Ten perks of taking a walk every day

Since the Covid days, I have been working from home. I only go to Paris once a month to reunite with my team, otherwise I spend my days working comfortably in my living room. This is a way of working that really fits my personality and my work, so I am not nostalgic for the days of having to commute daily, and spend whole days between the walls of an office.

When we think of commute, we tend to focus on the annoying parts: the crowded bus, the traffic jams, the set-earlier-than-necessary alarm clock, the quest for decent clothes every morning, etc. But commute is also by itself a daily ceremony. It marks the frontier between personal and professional life, a transition between two universes during which our brain sorts everything out, a little bit like washing the dishes after dinner.

For the past couple of years, I’ve therefore tried to take a walk of 20 to 30 minutes every workday, as a commute substitute. It is during one of these walks that I thought of 10 good reasons to commit to this routine, and I figured I’d shared them on this blog.

1. Feeding my mind

This is a well-known benefit and for me the main perk of these walks. Walking makes me think. I like to believe that it makes fresh blood flowing into my brain cells. I could stop this list of perks right now because this is clearly the most important one. After a day of work, or even before, it feels amazing to be able to organise my thoughts efficiently, without even thinking about. It take my mind off things, and stimulates my creativity.

2. Feeling the fresh air, the sun, and the elements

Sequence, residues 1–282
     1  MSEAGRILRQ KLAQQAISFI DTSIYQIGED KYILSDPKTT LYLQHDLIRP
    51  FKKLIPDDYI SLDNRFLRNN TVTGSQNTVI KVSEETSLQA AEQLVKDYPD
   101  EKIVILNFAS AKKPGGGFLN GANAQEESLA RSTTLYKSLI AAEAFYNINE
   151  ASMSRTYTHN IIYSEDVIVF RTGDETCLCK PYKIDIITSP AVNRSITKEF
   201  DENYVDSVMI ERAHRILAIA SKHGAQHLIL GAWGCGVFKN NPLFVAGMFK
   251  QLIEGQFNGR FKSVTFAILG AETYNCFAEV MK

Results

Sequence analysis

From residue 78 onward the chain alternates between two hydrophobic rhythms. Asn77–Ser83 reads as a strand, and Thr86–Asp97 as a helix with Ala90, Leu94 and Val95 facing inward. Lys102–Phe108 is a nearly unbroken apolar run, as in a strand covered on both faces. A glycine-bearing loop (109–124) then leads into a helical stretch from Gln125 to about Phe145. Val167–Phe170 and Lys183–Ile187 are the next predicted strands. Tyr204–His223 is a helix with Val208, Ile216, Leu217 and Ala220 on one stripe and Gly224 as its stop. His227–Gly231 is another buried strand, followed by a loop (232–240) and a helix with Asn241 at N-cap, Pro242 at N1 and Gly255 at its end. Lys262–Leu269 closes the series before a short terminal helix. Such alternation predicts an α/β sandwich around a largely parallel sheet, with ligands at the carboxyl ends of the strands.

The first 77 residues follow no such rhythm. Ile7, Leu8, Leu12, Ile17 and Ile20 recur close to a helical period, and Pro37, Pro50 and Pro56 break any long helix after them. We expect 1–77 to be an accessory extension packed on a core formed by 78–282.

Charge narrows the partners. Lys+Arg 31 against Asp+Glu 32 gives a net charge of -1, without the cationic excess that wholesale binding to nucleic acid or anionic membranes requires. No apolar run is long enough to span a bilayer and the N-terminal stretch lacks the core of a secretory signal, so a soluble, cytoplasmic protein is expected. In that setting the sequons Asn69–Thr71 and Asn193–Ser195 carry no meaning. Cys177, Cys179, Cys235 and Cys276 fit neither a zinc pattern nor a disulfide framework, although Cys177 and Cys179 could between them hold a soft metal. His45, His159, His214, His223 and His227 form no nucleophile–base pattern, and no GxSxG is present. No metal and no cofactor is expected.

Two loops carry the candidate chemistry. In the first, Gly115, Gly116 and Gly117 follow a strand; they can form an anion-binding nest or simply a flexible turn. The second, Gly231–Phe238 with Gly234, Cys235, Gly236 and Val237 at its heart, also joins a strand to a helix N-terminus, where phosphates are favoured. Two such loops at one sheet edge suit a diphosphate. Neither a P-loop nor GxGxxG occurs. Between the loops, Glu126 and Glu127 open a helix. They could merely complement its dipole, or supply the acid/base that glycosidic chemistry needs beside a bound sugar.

Maybe these fresh thoughts come to life thanks to the fresh signals picked up by my senses once going out. Even if I live in the city and that the air is not “fresh” per se, being able to breathe the warmer or colder air from outside is a delightful sensation. A “fresh” air that is accom­panied by other elements, whether it is rain drops, sun rays, wind, the smell of snow or flowers, the sounds of my feet crushing dead leaves. It just feels good.

3. Taking care of my body

Getting out of the apartment is obviously good for my physical health. It get those legs moving, makes me climb those stairs up and down and walk at a brisk pace. A three-kilometre walk a day is not much, but it is better than sitting in front of a computer all day. This is such an obvious and important perk that there is really no need to say more about it, but it is a also a great way to close the damn rings of my Apple Watch.

4. Using these AirPods

Speaking of Apple tiny computers, getting out of the house is a great way to finally use the AirPods Pro I just bought to measure their full potential. What’s the use of “adaptive transparency” if I stay comfortably in my living room? What is even the point of having wireless earbuds if I just use them sitting at my desk? Walking 30 minutes every day is a fantastic way to make this purchase worthy of its premium price.

5. Catching up on podcasts & audiobooks